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## Algebra (all content)

### Course: Algebra (all content)>Unit 13

Lesson 7: Direct and inverse variation

# Recognizing direct & inverse variation: table

Sal is given a table with a few values of the variables x and y, and determines whether the variables vary directly or inversely. Created by Sal Khan and Monterey Institute for Technology and Education.

## Want to join the conversation?

• at about in the video. Can someone explain the difference between direct and joint? thanks
• Well...direct variation is y=kx, whereas in joint, it is y=kzx
• How are these concepts of direct, inverse, and joint variation used in everyday life?
• Direct variation occurs all the time - whenever you have item pricing. If macadamias are \$8 per pound, then cost and quantity of food are in a direct relationship. The more macadamias you want, the more you have to spend. `cost = 8 * pounds`.

Inverse relationships come up whenever you're splitting something. If you bought 10 pounds of macadamia nuts, and have unknown number of people coming over to eat it, the serving size that person eats is inverse to the number of people that come over. `serving = 10 / people`.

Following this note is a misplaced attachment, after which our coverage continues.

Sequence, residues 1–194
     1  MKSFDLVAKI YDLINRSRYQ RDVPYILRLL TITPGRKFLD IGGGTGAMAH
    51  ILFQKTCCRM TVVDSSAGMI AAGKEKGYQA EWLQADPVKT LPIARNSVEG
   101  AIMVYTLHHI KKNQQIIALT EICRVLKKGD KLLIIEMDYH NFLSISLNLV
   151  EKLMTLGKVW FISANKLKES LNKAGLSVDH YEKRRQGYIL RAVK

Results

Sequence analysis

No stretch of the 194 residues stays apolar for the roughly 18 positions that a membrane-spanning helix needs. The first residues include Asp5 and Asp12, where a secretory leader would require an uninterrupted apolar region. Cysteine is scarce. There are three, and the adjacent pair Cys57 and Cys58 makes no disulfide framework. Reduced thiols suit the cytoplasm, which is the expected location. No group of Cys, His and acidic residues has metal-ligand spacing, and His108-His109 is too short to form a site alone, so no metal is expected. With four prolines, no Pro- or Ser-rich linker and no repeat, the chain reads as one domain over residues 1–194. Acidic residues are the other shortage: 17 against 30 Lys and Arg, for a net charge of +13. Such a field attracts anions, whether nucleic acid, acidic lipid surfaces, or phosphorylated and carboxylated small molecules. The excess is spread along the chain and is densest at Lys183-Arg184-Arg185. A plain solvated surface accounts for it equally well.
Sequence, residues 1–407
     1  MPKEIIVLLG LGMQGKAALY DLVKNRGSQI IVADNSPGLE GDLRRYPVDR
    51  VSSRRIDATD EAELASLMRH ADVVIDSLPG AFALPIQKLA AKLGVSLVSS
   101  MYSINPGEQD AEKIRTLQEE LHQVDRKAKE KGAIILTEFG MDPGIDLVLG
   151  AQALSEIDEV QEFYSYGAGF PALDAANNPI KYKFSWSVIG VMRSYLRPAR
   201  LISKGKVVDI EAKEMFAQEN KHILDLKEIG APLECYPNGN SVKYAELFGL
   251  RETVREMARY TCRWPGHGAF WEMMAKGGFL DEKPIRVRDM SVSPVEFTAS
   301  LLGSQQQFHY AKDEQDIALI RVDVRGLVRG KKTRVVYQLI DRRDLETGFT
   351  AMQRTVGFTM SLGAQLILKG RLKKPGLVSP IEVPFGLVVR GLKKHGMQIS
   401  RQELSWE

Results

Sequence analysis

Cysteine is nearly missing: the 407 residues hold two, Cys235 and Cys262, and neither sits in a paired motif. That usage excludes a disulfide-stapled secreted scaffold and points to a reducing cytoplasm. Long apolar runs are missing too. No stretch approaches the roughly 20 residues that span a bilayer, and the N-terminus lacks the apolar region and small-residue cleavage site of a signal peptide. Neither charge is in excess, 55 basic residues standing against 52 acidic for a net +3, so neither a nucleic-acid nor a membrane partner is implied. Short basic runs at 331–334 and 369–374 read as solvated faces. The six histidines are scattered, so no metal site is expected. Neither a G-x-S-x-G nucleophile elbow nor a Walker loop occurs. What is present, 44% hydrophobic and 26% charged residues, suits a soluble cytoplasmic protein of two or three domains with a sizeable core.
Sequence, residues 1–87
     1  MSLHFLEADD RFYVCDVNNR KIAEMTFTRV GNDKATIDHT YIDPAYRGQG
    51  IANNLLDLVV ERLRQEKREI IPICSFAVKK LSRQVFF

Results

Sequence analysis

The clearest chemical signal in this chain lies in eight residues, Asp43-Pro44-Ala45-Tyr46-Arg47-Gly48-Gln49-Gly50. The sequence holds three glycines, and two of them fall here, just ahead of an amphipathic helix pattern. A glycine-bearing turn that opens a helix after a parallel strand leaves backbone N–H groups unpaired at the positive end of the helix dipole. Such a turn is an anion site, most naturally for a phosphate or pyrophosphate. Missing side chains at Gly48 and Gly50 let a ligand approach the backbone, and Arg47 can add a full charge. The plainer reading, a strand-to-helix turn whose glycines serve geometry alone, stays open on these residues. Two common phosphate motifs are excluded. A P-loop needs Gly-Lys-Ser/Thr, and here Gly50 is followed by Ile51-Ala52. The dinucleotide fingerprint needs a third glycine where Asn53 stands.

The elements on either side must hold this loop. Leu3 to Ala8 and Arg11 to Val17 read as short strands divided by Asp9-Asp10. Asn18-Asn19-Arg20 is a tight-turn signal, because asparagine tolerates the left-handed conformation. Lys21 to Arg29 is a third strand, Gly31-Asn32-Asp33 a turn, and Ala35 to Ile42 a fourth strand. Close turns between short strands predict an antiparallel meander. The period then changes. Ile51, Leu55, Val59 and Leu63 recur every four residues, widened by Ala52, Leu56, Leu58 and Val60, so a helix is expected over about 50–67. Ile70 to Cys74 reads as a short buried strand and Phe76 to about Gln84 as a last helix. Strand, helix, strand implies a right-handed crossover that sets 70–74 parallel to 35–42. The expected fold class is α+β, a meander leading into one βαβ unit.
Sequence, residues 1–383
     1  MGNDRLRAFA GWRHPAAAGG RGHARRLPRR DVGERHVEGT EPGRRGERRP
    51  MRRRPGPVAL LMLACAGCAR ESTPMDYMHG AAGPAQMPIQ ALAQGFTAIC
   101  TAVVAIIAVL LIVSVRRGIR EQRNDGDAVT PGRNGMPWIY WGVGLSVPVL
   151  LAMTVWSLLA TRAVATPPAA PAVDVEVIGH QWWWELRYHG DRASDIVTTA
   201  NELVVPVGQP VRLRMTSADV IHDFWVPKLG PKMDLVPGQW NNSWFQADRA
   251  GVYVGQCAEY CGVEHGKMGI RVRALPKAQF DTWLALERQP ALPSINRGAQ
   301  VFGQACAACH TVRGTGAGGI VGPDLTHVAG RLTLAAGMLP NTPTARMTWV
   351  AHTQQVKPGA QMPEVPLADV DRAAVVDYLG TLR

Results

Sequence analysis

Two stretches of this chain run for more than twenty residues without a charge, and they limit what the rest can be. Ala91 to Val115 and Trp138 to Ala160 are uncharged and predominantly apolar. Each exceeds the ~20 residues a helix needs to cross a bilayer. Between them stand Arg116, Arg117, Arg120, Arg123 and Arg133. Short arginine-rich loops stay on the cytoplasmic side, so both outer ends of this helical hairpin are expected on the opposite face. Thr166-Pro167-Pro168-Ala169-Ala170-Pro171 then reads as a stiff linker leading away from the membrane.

Joint variation is a combination of the two concepts. Instead of `serving = 10 / people`, you could write `serving = pounds / people`, where you've created a variable for pounds of food instead of it being a constant.
• Is there a video about joint variation? Because it would really help! Thanks.
• do you have a video on PARTIAL variation??
thanks
• Sal said that the direct relation means that when x increases y will also increase, but what if the constant is negative? It becomes inverse right?
• If the constant is negative and you increase x, then y will become more negative, so it's still a direct variation.
• if w varies directly with x, x varies inwersely with y, and y varies inversely with z what equation would show how w relates to z?

to get this i started with three equations w=kx, x=yc, and y=zb (note c and b are just versions of k) then i preformed subsitution until i got to one equation, hope this helps
• Does direct variation automatically indicate a linear function?
• Yes. Here is why:
The equation of a linear function is y=mx+b.
If b=0, then you get y=mx, the formula for direct variation.
• Is it conventional to write y= kx or x=ky?
• The convention is to write the dependent variable (the vertical axis) on the left by itself with all the terms containing the independent variable (the horizontal axis) on the right.
So, if y were a function of x, then x would be the independent variable and y would be the dependent variable. i.e. y = kx
• Could someone please explain in the video